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Frac sand miners urged to join lizard conservation scheme

By William Clarke
Published: Friday, 25 August 2017

Texas state government warns that destruction of the habitat "has already begun".

Oil companies and the Texas state government are urging frac sand miners in the Permian Basin to sign up to a scheme protecting the dune sagebrush lizard.

When the dune sagebrush lizard (DSL), a tiny reptile which lives in the shinnery oak shrubs of Texas and New Mexico, was considered for inclusion on the US federal government’s endangered list back in 2011, there were fears it could bring stringent controls on the region’s energy sector, in order to protect habitat.

The issue was put to rest with a voluntary deal to restrict development on the lizard’s habitat, in order to stave off the more comprehensive and legally enforceable restrictions that would result from an official classification as endangered.

But the Texas Conservation Plan (TCP) has been put into jeopardy by the increased arrival of frac sand miners, who are buying up land in areas classified as DSL habitat, raising fears the US Fish and Wildlife Agency may once again look to classify the lizard as endangered.

Destruction of habitat has begun

In a letter to the US Fish and Wildlife Service on 10 August, the Texas Comptroller of Public Accounts (CPA) said it has urged frac sand miners to avoid impacting the habitat of the DSL, warning that "the destruction of that habitat has already begun".

"In response to a marked increase in the demand for frac sand, mining companies recently began purchasing or leasing large tracts of land in the Permian Basin in Texas for frac sand mining operations," the CPS said, noting that activity has been concentrated in areas designated as DSL habitat in the conservation plan.

"Mining companies are focused on this area because it is located in close proximity to extensive oil and gas development, which represents the market for frac sand," the authority said.

The CPA, which has no authority to stop the development of frac sand operations by companies that are not signed up to the TCP, said it has communicated with multiple frac sand miners regarding their potential impact on DSL habitats.

The Texas Oil and Gas Association and the Permian Basin Petroleum Association have also expressed concern over potential encroachment on habitat, and urged frac sand miners to comply with the TCP.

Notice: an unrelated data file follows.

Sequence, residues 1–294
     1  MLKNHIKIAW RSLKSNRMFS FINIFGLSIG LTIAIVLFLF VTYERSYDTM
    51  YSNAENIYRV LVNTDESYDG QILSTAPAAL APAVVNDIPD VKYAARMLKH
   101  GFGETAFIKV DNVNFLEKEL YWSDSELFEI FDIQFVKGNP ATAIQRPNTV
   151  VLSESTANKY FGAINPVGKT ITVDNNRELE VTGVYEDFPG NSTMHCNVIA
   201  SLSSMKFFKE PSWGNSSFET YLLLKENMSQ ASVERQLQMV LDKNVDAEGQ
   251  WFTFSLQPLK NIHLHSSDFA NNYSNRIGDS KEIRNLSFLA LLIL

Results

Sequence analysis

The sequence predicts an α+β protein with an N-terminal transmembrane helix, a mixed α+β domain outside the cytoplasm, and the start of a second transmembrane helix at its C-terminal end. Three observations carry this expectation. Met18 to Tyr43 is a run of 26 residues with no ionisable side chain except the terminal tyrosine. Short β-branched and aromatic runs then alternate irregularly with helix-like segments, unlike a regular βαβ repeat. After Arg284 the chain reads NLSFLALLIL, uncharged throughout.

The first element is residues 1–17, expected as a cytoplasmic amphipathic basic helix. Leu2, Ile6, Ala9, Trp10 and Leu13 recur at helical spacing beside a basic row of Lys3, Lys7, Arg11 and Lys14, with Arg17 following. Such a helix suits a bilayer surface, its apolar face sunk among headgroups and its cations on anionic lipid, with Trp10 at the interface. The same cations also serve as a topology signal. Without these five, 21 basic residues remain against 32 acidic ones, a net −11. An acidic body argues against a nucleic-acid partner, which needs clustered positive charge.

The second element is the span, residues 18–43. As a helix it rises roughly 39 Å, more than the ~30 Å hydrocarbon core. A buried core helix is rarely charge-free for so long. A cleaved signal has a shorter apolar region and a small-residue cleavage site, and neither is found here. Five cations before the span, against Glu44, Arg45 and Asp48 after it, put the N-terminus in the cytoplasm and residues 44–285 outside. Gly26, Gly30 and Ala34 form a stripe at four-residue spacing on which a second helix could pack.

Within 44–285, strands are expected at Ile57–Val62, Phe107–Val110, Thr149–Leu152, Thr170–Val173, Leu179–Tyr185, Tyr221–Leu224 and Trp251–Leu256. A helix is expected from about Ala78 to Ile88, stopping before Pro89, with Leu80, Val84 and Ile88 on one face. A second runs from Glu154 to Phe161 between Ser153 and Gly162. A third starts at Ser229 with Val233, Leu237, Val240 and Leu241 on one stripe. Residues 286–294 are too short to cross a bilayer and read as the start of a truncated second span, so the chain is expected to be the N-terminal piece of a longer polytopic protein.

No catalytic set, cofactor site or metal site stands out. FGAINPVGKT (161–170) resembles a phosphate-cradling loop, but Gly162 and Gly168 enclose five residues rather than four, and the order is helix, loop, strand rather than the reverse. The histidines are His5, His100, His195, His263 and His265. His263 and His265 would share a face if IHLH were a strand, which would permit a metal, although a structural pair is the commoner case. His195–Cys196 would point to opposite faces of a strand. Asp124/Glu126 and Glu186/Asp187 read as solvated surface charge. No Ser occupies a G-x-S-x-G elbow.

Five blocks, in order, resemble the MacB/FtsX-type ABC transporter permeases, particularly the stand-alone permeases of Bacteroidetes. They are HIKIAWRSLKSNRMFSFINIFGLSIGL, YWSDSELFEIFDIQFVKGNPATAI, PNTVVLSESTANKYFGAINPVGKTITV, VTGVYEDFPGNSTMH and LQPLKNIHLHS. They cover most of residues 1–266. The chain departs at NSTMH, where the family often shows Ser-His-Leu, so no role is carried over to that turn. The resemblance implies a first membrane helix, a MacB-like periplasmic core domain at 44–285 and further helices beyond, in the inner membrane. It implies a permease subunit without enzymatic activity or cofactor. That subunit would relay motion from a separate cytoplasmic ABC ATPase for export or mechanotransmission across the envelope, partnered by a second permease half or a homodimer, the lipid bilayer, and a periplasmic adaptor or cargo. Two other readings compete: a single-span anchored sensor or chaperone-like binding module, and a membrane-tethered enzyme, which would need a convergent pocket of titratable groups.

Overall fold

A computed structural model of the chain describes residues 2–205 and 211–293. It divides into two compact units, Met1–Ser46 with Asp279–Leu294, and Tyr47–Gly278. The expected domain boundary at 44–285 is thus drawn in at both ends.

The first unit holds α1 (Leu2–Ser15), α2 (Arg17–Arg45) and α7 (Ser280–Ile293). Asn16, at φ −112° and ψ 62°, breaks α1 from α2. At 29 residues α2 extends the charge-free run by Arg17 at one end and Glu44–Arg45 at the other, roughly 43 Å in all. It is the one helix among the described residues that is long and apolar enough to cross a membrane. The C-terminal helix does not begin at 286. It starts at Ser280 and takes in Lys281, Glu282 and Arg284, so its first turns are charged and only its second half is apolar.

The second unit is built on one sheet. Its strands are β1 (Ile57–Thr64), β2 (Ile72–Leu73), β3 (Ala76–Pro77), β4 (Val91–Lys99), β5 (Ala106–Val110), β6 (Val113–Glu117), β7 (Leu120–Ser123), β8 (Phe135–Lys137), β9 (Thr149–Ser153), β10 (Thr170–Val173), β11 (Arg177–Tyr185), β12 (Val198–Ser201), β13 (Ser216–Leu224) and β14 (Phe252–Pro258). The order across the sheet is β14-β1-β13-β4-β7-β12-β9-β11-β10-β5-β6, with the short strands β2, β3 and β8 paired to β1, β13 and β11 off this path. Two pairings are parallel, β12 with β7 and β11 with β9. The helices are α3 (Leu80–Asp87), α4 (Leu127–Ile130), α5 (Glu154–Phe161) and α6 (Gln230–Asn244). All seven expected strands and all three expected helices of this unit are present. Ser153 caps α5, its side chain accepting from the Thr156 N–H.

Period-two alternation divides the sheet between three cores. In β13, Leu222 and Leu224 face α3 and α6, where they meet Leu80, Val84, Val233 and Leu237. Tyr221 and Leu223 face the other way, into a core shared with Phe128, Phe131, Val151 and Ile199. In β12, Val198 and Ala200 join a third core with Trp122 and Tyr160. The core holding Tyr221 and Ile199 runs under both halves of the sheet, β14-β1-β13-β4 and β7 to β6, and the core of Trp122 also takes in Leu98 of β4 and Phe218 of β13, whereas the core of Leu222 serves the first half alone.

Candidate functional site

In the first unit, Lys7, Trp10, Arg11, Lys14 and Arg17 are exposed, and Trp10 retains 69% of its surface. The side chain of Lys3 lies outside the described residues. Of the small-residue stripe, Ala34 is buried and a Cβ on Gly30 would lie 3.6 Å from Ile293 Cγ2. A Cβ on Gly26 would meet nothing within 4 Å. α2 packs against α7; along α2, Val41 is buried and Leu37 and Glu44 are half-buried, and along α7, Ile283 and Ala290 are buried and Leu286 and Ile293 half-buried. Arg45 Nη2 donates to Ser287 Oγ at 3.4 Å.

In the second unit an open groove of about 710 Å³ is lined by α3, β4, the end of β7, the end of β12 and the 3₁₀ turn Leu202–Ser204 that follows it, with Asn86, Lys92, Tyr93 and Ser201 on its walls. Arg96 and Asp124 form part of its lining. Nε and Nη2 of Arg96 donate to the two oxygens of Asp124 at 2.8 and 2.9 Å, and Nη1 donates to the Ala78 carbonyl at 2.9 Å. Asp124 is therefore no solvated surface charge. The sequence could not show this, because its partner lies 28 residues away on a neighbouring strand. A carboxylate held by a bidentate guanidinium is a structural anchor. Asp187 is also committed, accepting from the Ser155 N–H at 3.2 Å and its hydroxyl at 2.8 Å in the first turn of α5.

Black Mountain joins TCP

The CPA reports that two companies have already agree to make changes to their project plans, to accommodate the TCP. Black Mountain Sand LLC and Vista Sand have changed their proposals, to avoid mining in DSL habitat or the designate buffer zone surrounding it.

On 22 August, Black Mountain Sand announced that it had been listed as participant in the TCP by the CPA and the Federal US Fish and Wildlife Service.

"Black Mountain recognised early the importance of this issue and how, if handled poorly, it could jeopardize not only frac sand mining activities, but also the progress made by existing Permian Basin stakeholders," the company said.

"Two other companies, Badger and Unimin, designed their operational project plans to avoid any disturbances in DSL Habitat and buffer," the comptroller said.

But the authority warned that other companies, including Hi-Crush Proppants LLC and Fairmount Santrol, have acquired properties in areas classified as having a "very high likelihood of occurrence" of DSL.

The CPA noted that frac sand companies have "been generally responsive to discussing the needs of the DSL". 

In a white paper released on 21 August, Hi-Crush stated that although its facility is located in an area classified as having a high likelihood of DSL occurrence, "we can state definitively that the diligence we have conducted on our site establishes that the areas we are mining on our site have no DSL habitat nor any DSLs".

"The site we are mining is a former dune buggy park located on an active dune complex, virtually denuded of vegetation, and unique in that the shinnery oak complexes viewed as ideal DSL habitat are non-existent on the Hi-Crush development," Hi-Crush said, adding that it supports the TCP and is in contact the CPA.

Fairmount Santrol did not respond to a request for comment. 



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